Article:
Japanese Working Visas – 4 Major Visas

Japanese Working Visas

If you don’t speak and read Japanese well it can be very difficult to understand Japanese Working Visas. This article will give you basic information on 4 of the major working visas here as well as the requirements for each.

The 4 visas this article will explain are,

  1. Technical Intern Visa
  2. Specific Skilled Worker Visa
  3. Engineer, Specialist in Humanities, International Services Visa
  4. Designated Activities Visa

This article will not discuss Working Holiday Visas, Spouse Visas or Refugee Visas. While many foreigners work on these visas, I will have to cover them another time. I hope this article will help those of you abroad thinking of working in Japan as well as those in Japan on non-working visas considering a change.

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Technical Intern Visa 技能実習ビザ

This visa was made by the Japanese government to bring foreigners to Japan who want to learn a technical skill. The nationalities that are allowed to apply for this visa are restricted so only think about this visa if you are from the following countries.

  1. Vietnam
  2. Thailand
  3. China
  4. Phillipines
  5. Indonesia
  6. Cambodia
  7. Nepal
  8. Laos
  9. Myanmar
  10. Bangladesh
  11. Uzbekistan

This visa is meant to be a form of “contributing to the international community.” The goal is to come to Japan, learn a skill, and use those skills to grow their country’s economy.

That was the goal, but unfortunately the reality is quite different. Often Technical Interns end up just doing manual labor and don’t get the chance to study.

Of course, asking a technical intern to do only manual labor is against Japanese labor laws. So if you are a technical intern and being asked only to do manual labor you should seek consultation with your local labor board.

Pay for this visa is often very low because Japanese companies only need to pay interns minimum wage and under Japanese law, interns are not usually allowed to switch jobs. So be careful when applying for companies under this visa. You cannot switch after you commit without a very good reason.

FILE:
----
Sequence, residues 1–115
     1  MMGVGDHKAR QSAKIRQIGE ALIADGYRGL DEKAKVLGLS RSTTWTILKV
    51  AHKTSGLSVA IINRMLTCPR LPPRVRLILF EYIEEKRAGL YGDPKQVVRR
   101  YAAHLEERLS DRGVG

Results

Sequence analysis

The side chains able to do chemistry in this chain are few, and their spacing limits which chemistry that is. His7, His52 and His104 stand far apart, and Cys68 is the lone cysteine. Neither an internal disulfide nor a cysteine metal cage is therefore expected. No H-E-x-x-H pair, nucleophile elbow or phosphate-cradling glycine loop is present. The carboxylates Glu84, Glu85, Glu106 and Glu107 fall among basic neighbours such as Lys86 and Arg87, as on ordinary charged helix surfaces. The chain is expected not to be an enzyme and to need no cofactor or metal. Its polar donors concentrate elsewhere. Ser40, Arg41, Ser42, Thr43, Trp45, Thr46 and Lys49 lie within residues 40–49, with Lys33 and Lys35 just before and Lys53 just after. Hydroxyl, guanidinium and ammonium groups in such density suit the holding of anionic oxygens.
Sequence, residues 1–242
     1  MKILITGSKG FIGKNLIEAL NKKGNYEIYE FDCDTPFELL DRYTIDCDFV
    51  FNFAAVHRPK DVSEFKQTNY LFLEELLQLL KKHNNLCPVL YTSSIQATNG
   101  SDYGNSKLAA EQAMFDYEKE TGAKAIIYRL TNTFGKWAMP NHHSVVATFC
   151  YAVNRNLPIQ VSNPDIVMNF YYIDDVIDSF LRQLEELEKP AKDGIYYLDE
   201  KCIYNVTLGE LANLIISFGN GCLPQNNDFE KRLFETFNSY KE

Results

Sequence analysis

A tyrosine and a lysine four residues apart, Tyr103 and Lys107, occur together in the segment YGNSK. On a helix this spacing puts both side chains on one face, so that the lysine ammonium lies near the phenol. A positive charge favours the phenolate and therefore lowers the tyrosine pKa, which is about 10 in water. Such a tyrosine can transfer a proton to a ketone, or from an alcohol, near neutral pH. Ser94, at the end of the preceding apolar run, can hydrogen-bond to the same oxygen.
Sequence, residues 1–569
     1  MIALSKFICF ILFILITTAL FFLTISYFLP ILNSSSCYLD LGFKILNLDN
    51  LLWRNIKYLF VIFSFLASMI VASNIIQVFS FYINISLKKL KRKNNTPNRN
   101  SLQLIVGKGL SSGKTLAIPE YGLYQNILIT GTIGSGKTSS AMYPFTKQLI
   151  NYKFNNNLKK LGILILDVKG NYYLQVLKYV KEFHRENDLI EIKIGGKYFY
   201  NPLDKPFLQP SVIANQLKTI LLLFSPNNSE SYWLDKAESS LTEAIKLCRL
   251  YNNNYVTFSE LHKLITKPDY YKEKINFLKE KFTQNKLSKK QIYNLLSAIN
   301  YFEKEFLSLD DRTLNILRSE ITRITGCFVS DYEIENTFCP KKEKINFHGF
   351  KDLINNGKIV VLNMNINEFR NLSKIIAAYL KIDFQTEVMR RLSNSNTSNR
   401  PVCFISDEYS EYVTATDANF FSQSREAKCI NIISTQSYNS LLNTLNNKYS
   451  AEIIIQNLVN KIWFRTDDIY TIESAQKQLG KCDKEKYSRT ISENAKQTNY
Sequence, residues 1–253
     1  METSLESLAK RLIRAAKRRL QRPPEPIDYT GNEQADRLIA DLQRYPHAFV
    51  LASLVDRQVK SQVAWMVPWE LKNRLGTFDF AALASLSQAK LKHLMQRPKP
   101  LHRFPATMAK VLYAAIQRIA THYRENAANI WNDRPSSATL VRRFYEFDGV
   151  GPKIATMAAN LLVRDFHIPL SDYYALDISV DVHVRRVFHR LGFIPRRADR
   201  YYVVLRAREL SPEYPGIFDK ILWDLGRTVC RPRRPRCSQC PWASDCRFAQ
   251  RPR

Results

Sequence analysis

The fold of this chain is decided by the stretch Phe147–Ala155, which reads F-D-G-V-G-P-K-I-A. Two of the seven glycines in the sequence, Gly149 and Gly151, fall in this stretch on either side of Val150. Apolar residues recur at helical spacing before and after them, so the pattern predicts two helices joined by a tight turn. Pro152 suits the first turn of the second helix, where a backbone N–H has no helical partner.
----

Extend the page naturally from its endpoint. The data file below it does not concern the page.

Specified Skilled Worker Visa 特定技能ビザ

The Specified Skilled Worker Visa was created as an extension of the Technical Intern Visa. This visa is more difficult to apply for than the Technical Intern Visa, but the conditions are much better. If you have completed the Technical Intern Visa Program however the application process is very easy.

This visa does not have a nationality restriction but is only for industries that really need workers. I will list the industries at the end of this section. Also, this visa requires that you take tests that are only held in Japan or a few other countries. 1 Japanese language test (around JLPT N4 or N3 Level) and 1 Technical skills test. 

There are actually 2 versions of this visa. Specified Skilled Worker No. 1 and No.2. Visas for type 1 can be renewed up to 5 years. If you finish 5 years of type 1 in Construction or Ship Building you can switch to Type 2. Type 2 can be renewed and has no limit on renewals.

Checklist

  1. Take and pass a Japanese language test & technical skills test in your desired field. (If you finished the Technical Intern Visa program No. 2 you do not have to take these tests.)
  2. Sign a contract with a support organization.
  3. Receive a job offer from a company in Japan.